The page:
Even five minutes spent going through a guided meditation can make a big impact on your mood and your overall mental well being.
Another one that I learned about in what I seem to recall being a course in handling depression or mental health (the exact nature of the course escapes me, though I’m adamant I’ve got all the coursework somewhere) is grounding.
No, I don’t mean I’m sending you to your room for not doing your chores. Grounding, and the techniques that go with this, is a type of coping strategy. Simply put, it is designed to place you and your mind in the present moment.
It’s been used to treat a lot of mental disorders such as anxiety, PTSD and dissociation. There are so many different techniques used in Grounding and they all have different results on different people.
I’ll pop a link to 30 easy techniques at the end of this article and also give credit to another app called "What’s Up?"
It’s a handy little app, complete with information on various different mental disorders and emotions that can negatively affect your mental health, as well as long and short term coping strategies for handling them better.
The grounding technique it uses is a favourite of mine. It asks you to name 5 different things, forcing your mind into perspective and brings you back to the current moment.
For example, the one I’m looking at right now. Name 5 things that you can see that are green. So, I’m looking around and I can see... 3. Now, I’m wondering where I can find more green things.
Not all the questions ask you what you can see. Others ask you to name 5 fancy restaurants. Once you’ve answered the questions, it will move on to the next question and you keep going until, essentially, you are grounded in the present moment.
It has a range of other tools as well but I highly recommend giving it a look. Again, it’s completely free and has quite a bit to offer if you struggle with your mental health.
There are a host of other ways. Granted, some are harder than others in the world we currently live in. But the basic ones are still attainable. Eat well, keep the mind fed with all those nutrients and whatnot.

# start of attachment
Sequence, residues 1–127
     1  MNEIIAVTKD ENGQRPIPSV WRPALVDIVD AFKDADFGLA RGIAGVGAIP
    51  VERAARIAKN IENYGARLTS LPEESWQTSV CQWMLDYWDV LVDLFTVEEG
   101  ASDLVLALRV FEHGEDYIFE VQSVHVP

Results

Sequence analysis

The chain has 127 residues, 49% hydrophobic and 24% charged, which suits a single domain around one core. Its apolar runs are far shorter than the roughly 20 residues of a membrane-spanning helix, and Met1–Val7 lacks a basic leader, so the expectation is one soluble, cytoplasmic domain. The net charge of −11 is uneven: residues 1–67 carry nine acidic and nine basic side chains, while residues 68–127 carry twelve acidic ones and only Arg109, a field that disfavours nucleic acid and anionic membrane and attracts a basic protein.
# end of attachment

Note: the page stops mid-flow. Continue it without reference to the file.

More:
And water - someone told me water is important for the mind and body, drink it. Drink it all. No, wait. Okay, bad idea, don’t drink ALL the water. Just enough.
Keeping active, that’s a good one. Get those endorphins flowing through you. If you hate exercise and have a partner, might I suggest a damn good, hard, rough fucking? It's the best exercise there is and it’s great cardio.
They say good sleep is also important to good mental health. And it is. But most of you that read this that know me will therefore know that I can’t say anything about good sleep. So I shall simply say: don’t follow my example.
Get to bed at a sensible hour and have a good night’s sleep.
Stay in touch with friends and family, especially now if you can’t see them as regularly as you might like. Obviously, I’d recommend only talking to those that would improve your mood and mental well being.
Talking to someone you absolutely despise would probably not be the best idea, nor would it be of any help to you. The little things can go a long way to making your mental health just that little bit better.
Now, the big one. For myself and a lot of people. Talk. To. Someone. We can’t always handle things on our own and when it gets bad, it’s easy to let it all get on top of you and feel like you’re alone. A lot of the time, you’re not.
You just can’t see the wood for the trees, is all. Don’t shut people out, especially those that love you. They only want to help, even if it doesn’t feel like it right then and there.
Friends and family can offer an ear, help you through what you may be going through, even if all you need is to let it out. If you truly feel you can’t talk to someone close to you, that’s okay.
It can be easier to talk to a stranger and there are a bunch of services available to help if it’s needed. The Samaritans, counselling, especially if your doctor recommends or refers you to it.